Like Waterloo, they have plenty of international applicants, but have trouble enticing Canadians. “Before the graduate weekend I could count on two hands the number of Canadian students who had signed on to do a research master’s in a given year,” says Bussman. That was out of the 50 to 70 offers of admission chosen from a pool of roughly 500 or so mostly international applicants. This fall he’ll need two hands just to count the number of Canadian recruits who attended the graduate weekend and then enrolled at U of T—10 so far this year.
But the flow south can’t be staunched by recruitment tactics alone. Prestige and connections matter, says Sebastien Gauthier-Perron, a second-year student in aerospace engineering at the Massachusetts Institute of Technology (MIT) near Boston. The 27-year-old Chicoutimi, Que., native had always dreamed of walking the same campus where famous astronauts had peered up in awe at the sky after night classes, and where entrepreneurs met venture capitalists to start companies. And he’s not the only Canadian who feels that way. There are 212 Canadians doing graduate work at MIT. Canadians make up nearly as big a share of the MIT graduate engineering class as students from India or China and about four times the number who originated in Japan or the U.K.
Gauthier-Perron also chose an American school because he anticipates better jobs after he graduates, suggesting Canadian industry needs to step up with better salaries. “In the long term I see myself coming back to Canada,” says Gauthier-Perron, because his family is mostly in Quebec. “But in the short term, if I get good opportunities in the States I will stay.” The reason: “The salaries are much more attractive in the States.”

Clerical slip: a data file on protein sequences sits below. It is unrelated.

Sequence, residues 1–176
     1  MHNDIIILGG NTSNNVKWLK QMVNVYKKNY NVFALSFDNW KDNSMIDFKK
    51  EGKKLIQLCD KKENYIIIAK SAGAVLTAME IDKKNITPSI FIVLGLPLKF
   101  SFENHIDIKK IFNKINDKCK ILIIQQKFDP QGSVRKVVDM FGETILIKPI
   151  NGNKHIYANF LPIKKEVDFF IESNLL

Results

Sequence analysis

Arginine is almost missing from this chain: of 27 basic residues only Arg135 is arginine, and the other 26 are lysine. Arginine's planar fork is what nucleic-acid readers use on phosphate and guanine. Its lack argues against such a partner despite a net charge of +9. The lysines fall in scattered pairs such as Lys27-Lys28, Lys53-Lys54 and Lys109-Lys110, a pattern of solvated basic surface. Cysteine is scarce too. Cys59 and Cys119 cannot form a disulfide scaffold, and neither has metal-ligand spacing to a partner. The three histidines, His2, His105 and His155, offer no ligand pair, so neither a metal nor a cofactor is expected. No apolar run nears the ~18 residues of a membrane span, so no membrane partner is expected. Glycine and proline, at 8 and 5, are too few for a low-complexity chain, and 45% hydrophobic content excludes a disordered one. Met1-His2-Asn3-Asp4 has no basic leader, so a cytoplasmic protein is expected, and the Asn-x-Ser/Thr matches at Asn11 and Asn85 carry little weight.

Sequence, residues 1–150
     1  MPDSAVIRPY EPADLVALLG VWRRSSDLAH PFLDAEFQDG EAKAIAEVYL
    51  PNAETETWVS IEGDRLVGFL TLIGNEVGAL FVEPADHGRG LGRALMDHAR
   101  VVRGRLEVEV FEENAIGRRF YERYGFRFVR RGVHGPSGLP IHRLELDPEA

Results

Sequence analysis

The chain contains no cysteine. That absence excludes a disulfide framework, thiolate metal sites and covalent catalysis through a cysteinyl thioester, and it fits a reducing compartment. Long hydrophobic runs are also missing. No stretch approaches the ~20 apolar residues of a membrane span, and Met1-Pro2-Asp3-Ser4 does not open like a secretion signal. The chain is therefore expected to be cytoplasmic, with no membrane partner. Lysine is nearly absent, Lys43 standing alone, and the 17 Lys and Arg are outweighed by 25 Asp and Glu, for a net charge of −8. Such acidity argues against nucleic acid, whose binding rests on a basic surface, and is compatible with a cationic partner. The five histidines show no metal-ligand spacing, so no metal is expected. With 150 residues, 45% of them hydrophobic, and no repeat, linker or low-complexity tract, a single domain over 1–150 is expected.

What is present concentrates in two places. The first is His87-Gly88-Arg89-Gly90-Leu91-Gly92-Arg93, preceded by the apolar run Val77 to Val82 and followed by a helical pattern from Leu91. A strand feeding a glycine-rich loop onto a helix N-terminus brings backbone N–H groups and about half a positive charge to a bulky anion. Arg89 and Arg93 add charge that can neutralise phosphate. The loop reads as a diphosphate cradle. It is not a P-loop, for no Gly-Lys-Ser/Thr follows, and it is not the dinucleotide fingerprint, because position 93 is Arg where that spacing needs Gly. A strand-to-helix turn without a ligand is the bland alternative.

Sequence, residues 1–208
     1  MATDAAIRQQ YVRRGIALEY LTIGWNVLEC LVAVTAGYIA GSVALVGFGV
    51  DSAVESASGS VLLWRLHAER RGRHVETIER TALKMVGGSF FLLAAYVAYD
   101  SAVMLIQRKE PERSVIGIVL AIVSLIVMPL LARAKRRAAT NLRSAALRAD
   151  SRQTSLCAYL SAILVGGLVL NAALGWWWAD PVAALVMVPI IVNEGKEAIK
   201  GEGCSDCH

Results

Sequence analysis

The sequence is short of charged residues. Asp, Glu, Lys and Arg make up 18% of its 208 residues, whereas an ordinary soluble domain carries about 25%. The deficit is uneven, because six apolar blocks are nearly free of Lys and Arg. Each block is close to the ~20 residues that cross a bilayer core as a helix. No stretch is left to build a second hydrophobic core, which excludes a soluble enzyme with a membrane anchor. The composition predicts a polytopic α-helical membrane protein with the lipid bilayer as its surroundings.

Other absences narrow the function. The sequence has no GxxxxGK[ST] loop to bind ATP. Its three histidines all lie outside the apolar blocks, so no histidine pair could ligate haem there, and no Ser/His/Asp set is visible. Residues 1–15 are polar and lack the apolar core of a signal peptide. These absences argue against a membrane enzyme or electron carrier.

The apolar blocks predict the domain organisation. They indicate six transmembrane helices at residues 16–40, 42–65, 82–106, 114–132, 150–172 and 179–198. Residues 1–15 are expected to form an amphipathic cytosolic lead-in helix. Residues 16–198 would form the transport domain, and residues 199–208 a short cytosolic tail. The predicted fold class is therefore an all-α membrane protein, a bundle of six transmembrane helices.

Indeed, aerospace engineers make much less in Canada. In Ontario, they were paid an average of $79,497 last year. Those working in Massachusetts averaged $107,280.
Sedra, the Waterloo dean, is certain that once prospective engineering grads visit, he can convince them that Canadian schools are world class—and better than before.
“In professor salaries, we’re competitive,” says Sedra. “We didn’t used to be.” Expensive professors are an indicator of a better school, he argues, and it’s true that relative professor salaries are much better than they were at the height of the brain drain. In 1999, Tom Harris, then dean of engineering at Queen’s University, lamented that American universities paid engineering profs between US$140,000 and $180,000, while salaries for “outstanding professors in Canada” were US$60,000 to $80,000. Last year, there were more than 100 professors in Ontario alone who took home more than $150,000.
More than the pay has improved. The recession-era Knowledge Infrastructure Program, a $2-billion spending spree, prioritized projects at universities that “improved the quality of research and development.” That meant that between 2009 and 2011, engineering buildings across Canada got the wrecking ball, while cranes and cement trucks worked overtime to build new labs and classrooms as the stimulus funding flowed.
Gauthier-Perron hasn’t witnessed that type of renaissance south of the border. When he arrived at MIT one year ago, he was expecting bright new labs and lecture halls like he was used to at Polytechnique Montréal, his undergraduate alma mater. “I was surprised when I got to MIT because the classrooms were kind of old,” he says.
Perhaps he would have attended MIT regardless. But schools like Toronto and Waterloo think that if he had spent a weekend at their schools, he would have been impressed.
And if he had enrolled in Canada, instead of the U.S., he may have, late one night in the design lab, realized how to make a plane part more efficiently and then met a venture capitalist for coffee at a Second Cup to plan the next Bombardier supplier. In other words, he may have done what Stephen Harper spoke of when he handed out the Vanier Scholarships at McMaster in August. He may have used his Canadian brain for Canadian innovation.
This story originally appeared in the Maclean’s Professional Schools issue, on newsstands now.